North Texas is a popular destination for those looking for a new place to live, and the area has become more diverse over time. Indian Americans have been particularly successful in the field of DFW.
Indian Americans have a large influence in the area and are starting to take over more political positions, school districts, and the general culture of North Texas. Fort Worth Star-Telegram. Texas has the second largest Indian American population in the country.
In 2010, the United States Census Bureau reported that 230,842 Indian Americans occupied Texas, representing 0.9% of the population. But by 2020, that number has nearly doubled, with 434,221 Indian Americans making up 1.5% of the state’s population.
Local Profile It was previously reported that North Texas is the fastest growing region in the country. According to recent US Census Bureau population estimates, Collin County has seen the largest population growth of all seven counties in North Texas. The Indian population of America has grown from 3.8% to 7.5% in the last decade.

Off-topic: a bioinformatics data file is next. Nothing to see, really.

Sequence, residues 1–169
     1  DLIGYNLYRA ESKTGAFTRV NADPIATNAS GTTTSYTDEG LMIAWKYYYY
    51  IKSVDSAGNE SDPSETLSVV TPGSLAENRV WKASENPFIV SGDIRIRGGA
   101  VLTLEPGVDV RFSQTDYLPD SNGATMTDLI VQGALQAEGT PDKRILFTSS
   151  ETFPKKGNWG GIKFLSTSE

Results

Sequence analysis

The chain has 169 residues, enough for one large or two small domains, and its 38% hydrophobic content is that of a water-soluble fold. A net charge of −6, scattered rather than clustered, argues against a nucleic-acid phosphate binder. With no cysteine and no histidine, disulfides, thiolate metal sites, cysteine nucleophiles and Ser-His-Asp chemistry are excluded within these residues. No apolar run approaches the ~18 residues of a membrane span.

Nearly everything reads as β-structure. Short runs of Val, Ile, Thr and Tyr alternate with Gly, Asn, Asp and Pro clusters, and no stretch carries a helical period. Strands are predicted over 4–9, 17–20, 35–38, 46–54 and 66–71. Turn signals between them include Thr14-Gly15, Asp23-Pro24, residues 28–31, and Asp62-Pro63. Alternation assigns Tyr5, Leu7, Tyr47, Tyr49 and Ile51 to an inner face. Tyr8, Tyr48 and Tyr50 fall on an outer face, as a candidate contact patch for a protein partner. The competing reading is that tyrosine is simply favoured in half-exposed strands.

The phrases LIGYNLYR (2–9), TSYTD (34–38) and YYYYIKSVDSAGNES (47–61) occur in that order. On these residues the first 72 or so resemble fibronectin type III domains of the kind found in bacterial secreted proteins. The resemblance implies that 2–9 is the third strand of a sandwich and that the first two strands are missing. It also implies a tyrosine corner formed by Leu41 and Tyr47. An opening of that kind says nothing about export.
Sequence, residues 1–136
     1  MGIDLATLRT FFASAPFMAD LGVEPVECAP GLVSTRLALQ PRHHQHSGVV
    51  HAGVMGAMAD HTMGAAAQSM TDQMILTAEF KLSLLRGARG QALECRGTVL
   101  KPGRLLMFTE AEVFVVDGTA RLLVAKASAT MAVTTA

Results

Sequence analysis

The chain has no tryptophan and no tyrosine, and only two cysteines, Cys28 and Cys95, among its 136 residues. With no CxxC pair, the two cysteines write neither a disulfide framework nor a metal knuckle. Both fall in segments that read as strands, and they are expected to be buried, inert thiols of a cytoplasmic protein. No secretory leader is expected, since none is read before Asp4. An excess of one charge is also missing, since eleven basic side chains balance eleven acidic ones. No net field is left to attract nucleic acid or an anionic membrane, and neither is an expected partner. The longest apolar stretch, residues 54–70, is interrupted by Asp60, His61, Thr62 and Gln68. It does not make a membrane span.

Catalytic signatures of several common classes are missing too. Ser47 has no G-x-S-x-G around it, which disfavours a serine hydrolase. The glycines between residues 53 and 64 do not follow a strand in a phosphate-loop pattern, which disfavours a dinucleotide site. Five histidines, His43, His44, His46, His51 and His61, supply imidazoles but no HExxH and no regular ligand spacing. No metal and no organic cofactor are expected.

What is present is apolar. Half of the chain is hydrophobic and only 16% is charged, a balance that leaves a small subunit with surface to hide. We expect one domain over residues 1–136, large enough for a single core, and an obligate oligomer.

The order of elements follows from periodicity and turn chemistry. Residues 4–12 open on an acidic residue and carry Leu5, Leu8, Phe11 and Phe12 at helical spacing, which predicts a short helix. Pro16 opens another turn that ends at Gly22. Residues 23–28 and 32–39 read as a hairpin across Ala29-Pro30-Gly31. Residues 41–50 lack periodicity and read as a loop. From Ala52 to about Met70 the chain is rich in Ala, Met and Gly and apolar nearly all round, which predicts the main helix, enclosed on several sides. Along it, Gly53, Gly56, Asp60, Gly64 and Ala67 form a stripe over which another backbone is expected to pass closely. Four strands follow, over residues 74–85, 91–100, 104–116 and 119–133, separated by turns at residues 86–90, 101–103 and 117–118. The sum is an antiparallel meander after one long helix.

Fort Worth Star-Telegram highlighted the fact that many Indian Americans use North Texas as a place to start their political journey.
Little Elm council member Tony Singh made it his goal to serve his community and enrolled in the Academy of Civic Government, an eight-week program offering residents the opportunity to learn about local government.
“I thought that elected officials should be more active, they should be close to the community at all times, they should be accessible,” Singh said. Fort Worth Star-Telegram. “People should be your top priority. I am first and foremost a volunteer, and only then a politician.”
But Singh is not the only Indian-American to have left a mark on Texas politics. In the November election, the advocacy group Indian American Impact endorsed six South Asian Texas candidates.
“When I ran, there was very little [Indian Americans] running, but now I see more and more people running every year,” Singh said. “In the coming years, Indian Americans are going to be a very big group that can make a big difference in this area, all over Texas.”